The global energy crisis has given the respective roles of renewables and fossil fuels top billing in news bulletins worldwide – and what contrasting stories they tell.

Despite a raft of economic headwinds, renewables powered ahead with record worldwide investment of $226bn in the first half of the year, said BloombergNEF, fuelled by a flight from volatile fossil supplies from unreliable sources.

Nowhere is that dash more urgent than in Germany, and Berlin this week sought to further ease the path for more new wind power when its air traffic controllers eased restrictions on turbine siting. A German study also claimed biogas is now a viable alternative to the fossil variety for up to half of power generation, opening another potential escape route from Putin’s stranglehold.

On the flipside, the bumper profits made by oil & gas firms remain the subject of intense debate as consumers and industrial users feel pain around the world.

As Recharge reported, the issue is now at the top of the international political agenda, with United Nations secretary-general António Guterres savaging the “grotesque greed” of the fossil giants and urging that their windfalls be used to help fund a just energy transition.

Siemens Gamesa is among the wind OEM giants in the epicentre of the global storm of pressures battering the industry, but this week gave a glimpse of how it plans to steer to calmer waters.

As it announced another tough set of results, the manufacturer outlined how its Mistral strategy, named after the famous European wind, would standardise and simplify its products and leave the entire company more efficient and effective.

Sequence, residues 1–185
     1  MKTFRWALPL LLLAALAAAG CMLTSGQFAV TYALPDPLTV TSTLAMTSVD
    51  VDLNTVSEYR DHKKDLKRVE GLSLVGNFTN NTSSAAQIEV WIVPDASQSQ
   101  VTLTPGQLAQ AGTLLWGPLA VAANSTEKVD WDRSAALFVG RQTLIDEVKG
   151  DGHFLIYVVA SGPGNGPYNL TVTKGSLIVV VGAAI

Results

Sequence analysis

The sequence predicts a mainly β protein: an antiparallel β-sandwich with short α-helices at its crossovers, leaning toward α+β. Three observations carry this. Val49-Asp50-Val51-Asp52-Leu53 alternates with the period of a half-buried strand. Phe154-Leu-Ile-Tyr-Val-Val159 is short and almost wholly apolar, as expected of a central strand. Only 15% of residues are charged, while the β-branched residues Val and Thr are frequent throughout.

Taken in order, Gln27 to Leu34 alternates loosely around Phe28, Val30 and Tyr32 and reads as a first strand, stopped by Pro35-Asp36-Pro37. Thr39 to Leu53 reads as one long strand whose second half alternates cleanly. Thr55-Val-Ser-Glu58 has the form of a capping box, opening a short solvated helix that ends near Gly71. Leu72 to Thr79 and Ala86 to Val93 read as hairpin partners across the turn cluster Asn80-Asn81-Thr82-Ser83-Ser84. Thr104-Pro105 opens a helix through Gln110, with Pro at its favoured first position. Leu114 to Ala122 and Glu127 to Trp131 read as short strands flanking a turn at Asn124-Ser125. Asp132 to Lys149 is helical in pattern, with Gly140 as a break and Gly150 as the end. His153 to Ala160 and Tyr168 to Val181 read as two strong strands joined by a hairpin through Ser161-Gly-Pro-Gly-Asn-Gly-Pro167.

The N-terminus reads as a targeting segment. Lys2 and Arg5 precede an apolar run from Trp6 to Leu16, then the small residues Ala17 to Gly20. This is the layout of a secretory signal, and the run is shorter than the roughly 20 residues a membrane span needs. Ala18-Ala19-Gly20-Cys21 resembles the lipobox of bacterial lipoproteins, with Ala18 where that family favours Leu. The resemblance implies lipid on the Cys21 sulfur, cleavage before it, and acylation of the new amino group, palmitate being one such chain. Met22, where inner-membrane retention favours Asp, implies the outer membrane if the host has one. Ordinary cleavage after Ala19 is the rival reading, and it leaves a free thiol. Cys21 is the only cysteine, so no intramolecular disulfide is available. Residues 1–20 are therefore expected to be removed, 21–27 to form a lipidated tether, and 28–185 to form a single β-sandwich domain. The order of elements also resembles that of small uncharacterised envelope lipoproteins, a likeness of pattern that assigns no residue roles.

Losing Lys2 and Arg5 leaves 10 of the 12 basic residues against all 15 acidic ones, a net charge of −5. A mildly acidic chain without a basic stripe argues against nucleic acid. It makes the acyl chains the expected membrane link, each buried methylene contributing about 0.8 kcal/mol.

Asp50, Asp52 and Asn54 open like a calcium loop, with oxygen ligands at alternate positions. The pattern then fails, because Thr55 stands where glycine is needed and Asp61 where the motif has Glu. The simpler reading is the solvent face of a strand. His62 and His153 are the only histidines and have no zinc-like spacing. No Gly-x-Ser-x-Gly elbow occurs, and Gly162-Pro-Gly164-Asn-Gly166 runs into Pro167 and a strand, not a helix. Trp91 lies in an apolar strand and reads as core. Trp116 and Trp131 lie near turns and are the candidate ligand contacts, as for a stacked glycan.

The stakes are high, admitted CEO Jochen Eickholt as he promised to leave “no stone unturned” in the search for efficiencies, but warned that the entire wind industry will need to raise prices in the face of rampant inflation.

Away from the tough economic environment, Siemens Gamesa showed how it, like other turbine OEMs, is innovating to add value to future wind projects when its first recyclable offshore wind blade made its debut in the North Sea.

And the OEM was still in the news on Friday as its epic patent court showdown with GE over the latter's Haliade-X approached a climax in the US.

The US renewables sector this week continued to assess the implications of the surprise move by maverick Democrat senator Joe Manchin to back major climate and energy legislation, potentially breathing new life into President Joe Biden's green agenda.

Recharge took a deep dive into the 725-page Inflation Reduction Act, explaining how among the many wins for clean energy are conspicuous omissions around permitting and transmission.

Another Recharge piece looked at the implications of an entanglement between offshore wind and oil & gas as a result of the IRA's underpinning of fossil lease auctions.

What is not in doubt is the massive shot in the arm the Senate Democrats legislation could give the US sector, up to 550GW of new utility-scale battery storage, solar, and wind power projects between now and 2030, according to the American Clean Power Association.